The President of Rwanda, Paul Kagame has revealed that he “intended to” leave office but his ruling Rwanda Patriotic Front party refused to let him go.
Kagame was asked at a panel discussion at the Mo Ibrahim Governance summit in Kigali that who will succeed him and he answered by saying that his ruling party should be asked.
“The succession plan is not mine. If it had been, I would not be here now; I would have left because that is what I intended to do,” President Kagame said.
President Kagame last year won the third term as a president to serve for another seven-years.
He was allowed to run for office after Rwandans voted in a referendum to emend the country’s constitution to suspend presidential term limits.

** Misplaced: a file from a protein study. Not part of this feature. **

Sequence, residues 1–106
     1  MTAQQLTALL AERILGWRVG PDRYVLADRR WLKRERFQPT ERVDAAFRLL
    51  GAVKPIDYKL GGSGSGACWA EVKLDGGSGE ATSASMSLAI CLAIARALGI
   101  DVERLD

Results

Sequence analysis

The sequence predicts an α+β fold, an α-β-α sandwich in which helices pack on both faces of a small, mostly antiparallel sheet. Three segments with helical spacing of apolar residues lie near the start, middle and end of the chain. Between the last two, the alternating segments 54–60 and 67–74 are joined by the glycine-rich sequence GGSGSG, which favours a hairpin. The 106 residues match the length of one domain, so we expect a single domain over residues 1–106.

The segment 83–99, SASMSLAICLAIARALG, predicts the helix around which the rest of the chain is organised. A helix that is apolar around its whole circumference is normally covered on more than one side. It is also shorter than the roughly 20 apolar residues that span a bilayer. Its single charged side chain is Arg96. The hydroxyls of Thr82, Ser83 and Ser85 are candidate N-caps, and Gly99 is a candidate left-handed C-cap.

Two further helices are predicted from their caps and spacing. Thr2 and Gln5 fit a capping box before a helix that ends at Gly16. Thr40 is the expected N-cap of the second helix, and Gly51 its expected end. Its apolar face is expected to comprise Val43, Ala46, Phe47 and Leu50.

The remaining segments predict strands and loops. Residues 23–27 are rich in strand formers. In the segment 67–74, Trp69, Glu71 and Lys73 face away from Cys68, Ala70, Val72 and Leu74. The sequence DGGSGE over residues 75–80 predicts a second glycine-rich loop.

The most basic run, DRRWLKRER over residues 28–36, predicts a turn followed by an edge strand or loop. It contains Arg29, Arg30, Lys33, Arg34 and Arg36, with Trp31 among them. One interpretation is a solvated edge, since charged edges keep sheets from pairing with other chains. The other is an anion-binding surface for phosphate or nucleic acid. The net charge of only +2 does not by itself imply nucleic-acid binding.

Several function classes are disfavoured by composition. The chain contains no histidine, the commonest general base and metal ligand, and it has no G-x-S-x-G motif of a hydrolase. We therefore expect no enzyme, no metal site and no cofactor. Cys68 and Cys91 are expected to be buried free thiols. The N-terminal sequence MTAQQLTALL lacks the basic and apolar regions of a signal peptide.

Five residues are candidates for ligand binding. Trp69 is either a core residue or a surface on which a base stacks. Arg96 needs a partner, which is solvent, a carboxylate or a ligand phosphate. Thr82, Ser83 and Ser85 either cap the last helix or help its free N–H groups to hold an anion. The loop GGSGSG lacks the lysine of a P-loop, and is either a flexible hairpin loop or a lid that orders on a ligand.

Kagame said he “intended to serve the two terms and leave; that was my intention and it is clear, I don’t have to keep defending myself on it. I was deeply satisfied in my heart … until people asked me to stay,” he said.
“And even then, it took some time before I accepted; finally I did because of history — the history of my involvement in politics and being a leader which started from childhood,” he further added.
Kagame claimed it has never been his ambition to be president. “In 1994, my party had taken it for granted that I was going to take the helm as the leader. I told them to look for someone else. I told them I wasn’t prepared for it; it was not what I was fighting for,” he said.
“I became vice president and Minister of Defence. Later, then president (Pasteur Bizimungu) had problems with parliament and was impeached. They turned to me and asked me to lead and I said yes.”
President Kagame has said there will come a time when no amount of persuasion from his party or the citizenry will convince him to stay on.